The other lesson is that it's better if we visit with our families in their towns, rather than bringing them to DC. There were very few items on our "to do" list that I could check off while in Nashville/Naperville/Lansing visiting Family X, which meant that all I really had to do was be on vacation. But once we were back in DC with Family M to entertain, a "to do" list a mile long and not enough time to do it all, my stress levels went through the roof, my patience levels dropped to zero, and I found it difficult to enjoy Family M's visit.

So Parents and Sister M, please accept my sincerest apologies for acting like a whiny, short-tempered ass during your visit. I guess it's just one of those lessons about life in the foreign service that you don't learn until you live it.


The Middle
Nick's smack dab in the middle of Spanish language classes. Well...almost in the middle. Seven weeks down, 17 more to go. But you get my drift.

He's working so hard, doing so well, and I couldn't be more proud of him. If you're reading this blog and speak Spanish, please feel free to post your comments in Spanish. It'll be good practice for him. But please limit the subject of your questions to the following topics: where he works, where his next post is, where the Ambassador wants to sit at the meeting, and what forms one needs to fill out to apply for a tourist visa.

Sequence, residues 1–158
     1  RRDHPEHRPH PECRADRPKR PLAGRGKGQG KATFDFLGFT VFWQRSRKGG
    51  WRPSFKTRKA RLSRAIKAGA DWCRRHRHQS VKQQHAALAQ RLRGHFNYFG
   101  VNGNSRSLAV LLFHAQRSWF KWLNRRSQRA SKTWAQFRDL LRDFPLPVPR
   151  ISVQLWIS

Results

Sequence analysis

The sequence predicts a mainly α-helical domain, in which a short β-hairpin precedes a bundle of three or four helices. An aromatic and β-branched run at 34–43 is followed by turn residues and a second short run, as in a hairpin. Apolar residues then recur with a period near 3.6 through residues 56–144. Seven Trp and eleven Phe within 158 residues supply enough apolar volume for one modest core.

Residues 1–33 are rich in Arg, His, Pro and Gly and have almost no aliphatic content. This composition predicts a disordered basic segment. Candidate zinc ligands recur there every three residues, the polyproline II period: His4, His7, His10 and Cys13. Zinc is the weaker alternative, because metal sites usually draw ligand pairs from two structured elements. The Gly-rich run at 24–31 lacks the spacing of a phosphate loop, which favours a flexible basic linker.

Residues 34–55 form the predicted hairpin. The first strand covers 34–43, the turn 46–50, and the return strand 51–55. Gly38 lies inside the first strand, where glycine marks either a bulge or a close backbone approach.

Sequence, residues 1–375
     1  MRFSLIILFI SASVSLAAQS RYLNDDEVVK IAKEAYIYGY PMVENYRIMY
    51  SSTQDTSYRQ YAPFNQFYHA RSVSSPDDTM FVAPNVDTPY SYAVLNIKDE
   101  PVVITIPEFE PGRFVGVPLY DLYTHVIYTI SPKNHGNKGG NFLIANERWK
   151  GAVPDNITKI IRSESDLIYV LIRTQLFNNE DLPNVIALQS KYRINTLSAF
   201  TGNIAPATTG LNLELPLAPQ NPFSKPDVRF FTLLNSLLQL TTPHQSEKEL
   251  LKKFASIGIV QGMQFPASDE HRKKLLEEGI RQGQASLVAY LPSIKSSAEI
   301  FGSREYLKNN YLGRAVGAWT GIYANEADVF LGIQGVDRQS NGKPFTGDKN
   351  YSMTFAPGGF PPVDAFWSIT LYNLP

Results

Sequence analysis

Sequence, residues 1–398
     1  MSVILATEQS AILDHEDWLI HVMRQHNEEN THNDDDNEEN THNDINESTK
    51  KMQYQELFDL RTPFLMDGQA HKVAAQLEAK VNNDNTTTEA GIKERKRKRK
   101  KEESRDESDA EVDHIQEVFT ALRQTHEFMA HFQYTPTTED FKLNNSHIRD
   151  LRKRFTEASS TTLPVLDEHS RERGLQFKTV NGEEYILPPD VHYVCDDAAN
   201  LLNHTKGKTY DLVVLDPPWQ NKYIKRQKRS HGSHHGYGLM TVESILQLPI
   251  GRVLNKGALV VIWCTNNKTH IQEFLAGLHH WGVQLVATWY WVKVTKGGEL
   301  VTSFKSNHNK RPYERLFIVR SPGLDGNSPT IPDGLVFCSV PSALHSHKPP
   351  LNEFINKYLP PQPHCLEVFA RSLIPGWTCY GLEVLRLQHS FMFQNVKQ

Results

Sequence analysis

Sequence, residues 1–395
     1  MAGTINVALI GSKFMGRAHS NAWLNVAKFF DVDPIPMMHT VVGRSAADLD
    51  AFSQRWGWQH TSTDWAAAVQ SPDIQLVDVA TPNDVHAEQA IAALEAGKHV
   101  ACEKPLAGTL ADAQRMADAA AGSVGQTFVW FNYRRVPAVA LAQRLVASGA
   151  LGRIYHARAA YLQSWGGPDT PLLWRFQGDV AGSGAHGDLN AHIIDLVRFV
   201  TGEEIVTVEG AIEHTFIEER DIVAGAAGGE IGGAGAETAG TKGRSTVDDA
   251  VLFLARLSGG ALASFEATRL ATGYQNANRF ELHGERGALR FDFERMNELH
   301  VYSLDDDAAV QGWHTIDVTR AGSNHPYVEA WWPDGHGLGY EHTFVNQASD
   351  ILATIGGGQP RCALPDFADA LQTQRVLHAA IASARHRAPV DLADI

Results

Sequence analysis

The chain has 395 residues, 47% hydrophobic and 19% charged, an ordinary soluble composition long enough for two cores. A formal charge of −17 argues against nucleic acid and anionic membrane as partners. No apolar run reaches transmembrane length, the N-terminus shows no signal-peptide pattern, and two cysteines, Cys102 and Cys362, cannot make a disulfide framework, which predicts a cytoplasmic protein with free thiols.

The Beginning
The most common question I've been asked over the past few months is "What are you going to do while Nick's posted in Kabul?" It's a good question, a fair question, and for the most part I tried to dodge the answer. Because the answer was big, and kind of scary, and only recently became a reality.

And that answer is....I'm not going to Cairo.

I'm going to NYU.

I'm actually typing this post while on the Bolt Bus from DC to NY. I have to start looking for a place to live.

Everyone stop panicking! I'll try to answer all of your questions. First, Nick and I are FINE. More than fine. We're great. He is being the most supportive, wonderful husband as I take this giant, EXPENSIVE first step on a new career path.

For the past 5.5 years I've been trying to convince myself that a career in international development is what I want. Because my head tells me it's a smart career to pursue. But my heart was never really in it. My time in Kabul pushed me over the edge and gave me the courage to finally stop trying to make the international development career fit. It just didn't.